How to Grow Tomatoes
in your Indoor Garden

Learning how to grow tomatoes indoors can be very rewarding. My own organically grown tomatoes always taste better than store bought ones. My mouth waters just thinking about my next fresh tomato salsa or the smell of garlicky homemade spaghetti sauce simmering. Mmm, let's get started!

Take your time picking out a great tomato variety to grow. Many hothouse growers make the mistake of choosing a fast growing tomato, then forcing the fast growth with chemical fertilizers. This is a profit driven strategy and usually produces tomatoes with very little flavor. If you want award winning flavor, I recommend using a proven heirloom variety fed with organic nutrients, and given plenty of time to ripen in a natural fashion.

Seed Starting Soil Mix

The first step to learning how to grow tomatoes is preparing a good planting mix to start with. The mix I use is a standard soil-less potting mix with about 10% worm castings added. Standard potting mix is usually equal parts perlite, vermiculite, and sphagnum peat and is adjusted to the right pH by adding 1 teaspoon of hydrated lime for every gallon of soil mix. For tomatoes, I like to adjust the pH of my soil mix this way because the lime is a good source of Calcium (which prevents blossom end rot in the tomatoes later on).

Moisten the initial potting mix little by little, using plain water and Thrive Alive B1. The mix is just right when you squeeze a handful of the potting mix and get just a few drops out of it... but only a few. If your mix is a little too wet, just add a few handfuls of dry vermiculite (or perlite) and remix.

Starting your Tomato Seeds

Starting seeds is always a delicate part of growing anything, and learning how to grow tomatoes is no different. Start with a regular nursery tray full of your soil mix. Tomato seeds should be planted 1/4 inch deep, and about 8 seeds/inch. You may want to cover them for the first few days to keep them from drying out. If your seed starting tray does not have a lid, a sheet of plastic wrap will do fine.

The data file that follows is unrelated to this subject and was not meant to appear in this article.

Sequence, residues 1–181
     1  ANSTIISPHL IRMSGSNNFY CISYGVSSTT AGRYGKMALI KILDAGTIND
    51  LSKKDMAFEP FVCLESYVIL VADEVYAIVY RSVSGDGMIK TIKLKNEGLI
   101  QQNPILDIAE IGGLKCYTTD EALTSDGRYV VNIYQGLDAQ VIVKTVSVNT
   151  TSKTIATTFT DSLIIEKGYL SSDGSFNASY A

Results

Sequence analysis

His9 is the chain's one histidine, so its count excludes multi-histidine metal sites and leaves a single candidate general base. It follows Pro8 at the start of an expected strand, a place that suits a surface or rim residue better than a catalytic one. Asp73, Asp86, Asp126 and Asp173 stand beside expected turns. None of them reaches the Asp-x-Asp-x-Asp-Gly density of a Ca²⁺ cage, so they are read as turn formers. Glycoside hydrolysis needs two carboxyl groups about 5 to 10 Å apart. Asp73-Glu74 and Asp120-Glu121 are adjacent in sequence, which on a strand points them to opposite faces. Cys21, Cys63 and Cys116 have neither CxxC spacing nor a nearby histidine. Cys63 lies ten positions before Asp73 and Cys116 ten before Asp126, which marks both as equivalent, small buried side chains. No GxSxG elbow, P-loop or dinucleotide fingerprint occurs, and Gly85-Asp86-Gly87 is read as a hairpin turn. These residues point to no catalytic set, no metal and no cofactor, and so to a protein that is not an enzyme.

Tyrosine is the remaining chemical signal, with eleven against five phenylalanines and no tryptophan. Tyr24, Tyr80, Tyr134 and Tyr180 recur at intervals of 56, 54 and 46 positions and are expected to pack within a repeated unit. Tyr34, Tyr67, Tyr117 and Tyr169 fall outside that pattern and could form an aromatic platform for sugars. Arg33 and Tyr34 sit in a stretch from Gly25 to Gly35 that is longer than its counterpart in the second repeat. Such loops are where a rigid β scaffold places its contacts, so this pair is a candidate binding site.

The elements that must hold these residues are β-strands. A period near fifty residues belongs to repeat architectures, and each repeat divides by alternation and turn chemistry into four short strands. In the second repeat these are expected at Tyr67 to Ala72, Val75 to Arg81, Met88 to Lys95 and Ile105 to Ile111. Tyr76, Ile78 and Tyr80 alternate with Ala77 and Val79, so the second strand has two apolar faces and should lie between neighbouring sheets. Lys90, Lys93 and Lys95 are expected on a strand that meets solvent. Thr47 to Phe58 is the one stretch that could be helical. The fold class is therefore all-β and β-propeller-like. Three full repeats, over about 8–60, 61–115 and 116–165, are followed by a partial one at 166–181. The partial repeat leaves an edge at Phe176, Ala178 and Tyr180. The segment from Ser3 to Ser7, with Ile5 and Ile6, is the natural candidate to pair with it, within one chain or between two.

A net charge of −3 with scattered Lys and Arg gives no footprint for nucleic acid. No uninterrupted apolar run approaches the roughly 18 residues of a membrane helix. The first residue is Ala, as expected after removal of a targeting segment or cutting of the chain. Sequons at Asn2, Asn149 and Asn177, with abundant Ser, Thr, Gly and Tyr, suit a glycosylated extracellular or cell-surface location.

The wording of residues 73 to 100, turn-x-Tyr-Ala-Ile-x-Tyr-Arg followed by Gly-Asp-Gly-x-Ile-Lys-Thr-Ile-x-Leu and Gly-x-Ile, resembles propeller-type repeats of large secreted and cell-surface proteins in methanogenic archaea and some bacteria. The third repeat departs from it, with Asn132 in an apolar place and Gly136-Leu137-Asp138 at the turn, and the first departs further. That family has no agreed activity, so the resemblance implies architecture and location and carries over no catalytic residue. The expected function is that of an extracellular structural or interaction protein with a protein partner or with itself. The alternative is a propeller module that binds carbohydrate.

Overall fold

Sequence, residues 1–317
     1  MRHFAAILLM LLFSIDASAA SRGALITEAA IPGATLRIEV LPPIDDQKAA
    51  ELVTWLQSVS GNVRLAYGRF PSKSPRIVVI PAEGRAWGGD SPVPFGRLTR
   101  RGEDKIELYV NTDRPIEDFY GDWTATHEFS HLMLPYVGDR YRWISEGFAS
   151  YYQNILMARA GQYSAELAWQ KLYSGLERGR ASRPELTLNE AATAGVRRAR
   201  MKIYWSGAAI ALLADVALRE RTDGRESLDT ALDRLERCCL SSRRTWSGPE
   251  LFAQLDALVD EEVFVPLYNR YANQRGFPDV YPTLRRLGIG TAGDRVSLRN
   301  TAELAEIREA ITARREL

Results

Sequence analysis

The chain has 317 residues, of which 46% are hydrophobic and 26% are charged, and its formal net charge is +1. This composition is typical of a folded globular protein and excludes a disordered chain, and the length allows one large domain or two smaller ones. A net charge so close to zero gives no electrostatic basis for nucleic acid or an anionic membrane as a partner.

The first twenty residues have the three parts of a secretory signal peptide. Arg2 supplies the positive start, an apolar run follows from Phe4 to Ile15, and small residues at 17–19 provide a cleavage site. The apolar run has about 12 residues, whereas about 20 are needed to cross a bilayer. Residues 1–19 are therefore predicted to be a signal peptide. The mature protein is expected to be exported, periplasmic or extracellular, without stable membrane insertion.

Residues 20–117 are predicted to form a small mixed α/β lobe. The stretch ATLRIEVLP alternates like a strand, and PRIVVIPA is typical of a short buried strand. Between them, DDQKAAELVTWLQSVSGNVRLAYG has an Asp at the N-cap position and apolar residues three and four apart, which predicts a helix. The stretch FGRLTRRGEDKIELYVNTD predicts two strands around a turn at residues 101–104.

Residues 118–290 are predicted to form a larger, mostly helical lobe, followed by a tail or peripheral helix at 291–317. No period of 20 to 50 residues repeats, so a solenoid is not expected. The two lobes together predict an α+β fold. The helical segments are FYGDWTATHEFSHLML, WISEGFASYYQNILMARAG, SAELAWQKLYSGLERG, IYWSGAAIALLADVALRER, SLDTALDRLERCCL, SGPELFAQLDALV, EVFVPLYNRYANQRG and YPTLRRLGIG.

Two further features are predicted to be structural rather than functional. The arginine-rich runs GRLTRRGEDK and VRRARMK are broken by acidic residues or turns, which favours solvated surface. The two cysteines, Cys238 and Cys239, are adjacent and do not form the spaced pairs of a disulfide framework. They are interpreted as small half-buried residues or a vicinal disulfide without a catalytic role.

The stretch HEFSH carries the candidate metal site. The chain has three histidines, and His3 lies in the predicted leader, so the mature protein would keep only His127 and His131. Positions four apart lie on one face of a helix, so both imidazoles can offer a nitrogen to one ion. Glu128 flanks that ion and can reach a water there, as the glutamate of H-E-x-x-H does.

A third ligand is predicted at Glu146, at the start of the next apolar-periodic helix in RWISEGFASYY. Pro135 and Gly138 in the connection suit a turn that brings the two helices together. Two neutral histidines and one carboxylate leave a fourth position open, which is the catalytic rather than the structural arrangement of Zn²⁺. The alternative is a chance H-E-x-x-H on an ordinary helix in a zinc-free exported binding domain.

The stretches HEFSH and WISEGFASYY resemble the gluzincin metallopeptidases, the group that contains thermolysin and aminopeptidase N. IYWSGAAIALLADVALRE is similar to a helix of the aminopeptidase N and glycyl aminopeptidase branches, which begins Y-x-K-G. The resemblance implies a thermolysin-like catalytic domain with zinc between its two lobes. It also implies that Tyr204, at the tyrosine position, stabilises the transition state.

Tomato seeds germinate best at 80 degrees, and should be mostly up in 5 to 12 days. Remove any cover you may have on them as soon as they begin popping up. The fresh sprouts should be kept 4 to 6 inches from a fluorescent grow light. The light should be kept on 18 to 24 hours a day to encourage vegetative growth. When they are 1 1/2 inches tall, carefully transplant them into their own 6 inch containers.

How to Grow Tomatoes Vegetatively

This is the easiest step of how to grow tomatoes. Keep them under 2 or 3 fluorescent lights that are kept on 18 to 24 hours every day. I usually feed them Maxsea 16-16-16 at this point, although they could probably use even more nitrogen (the first number). The strength of the solution is about 600 ppm, which is 1 rounded teaspoon of Maxsea/gallon. I also add 10 ml/gallon Thrive Alive B1, which helps to maintain fast cell division and healthy growth.

If you are growing in a hydroponic system, the nutrient solution is being provided to your plants on a regular basis by the hydroponic system. If you are growing in the soil or in a soil-less mix, your plants should be watered with the nutrient solution (fertilized) every two to four weeks, depending on the feeding requirements of your particular plants.

I often like using Maxsea because it is a seaweed based fertilizer. Seaweed is a rich source of trace (or micro) nutrients. As long as the major nutrient requirements of your plants are met, there should be no problems with any nutrient long as a seaweed based fertilizer is used. Another option is to use your favorite 3-part hydroponic fertilizer, which would also provide all of the necessary primary, secondary, and (in particular) micro-nutrients.

The ideal temperature for growth is 72-80 degrees during the day and 65-70 degrees at night. When the plants reach 12 inches or more, they may need transplanting into one gallon containers. After 6 to 8 weeks, your plants should be just about ready to begin bearing fruit.

Begin Flowering your Tomatoes

Flowering is one of the trickiest parts of how to grow tomatoes indoors. You will need to be familiar with how to force flowering in your plants. Some tomatoes produce fruit in 60 days and others take up to 80 days, beginning from the time you force flowering. Some time before this point you want to make your final transplant into 3 gallon containers. Do this about two weeks before you force the flowering cycle to give your tomato plants time to adjust before fruiting.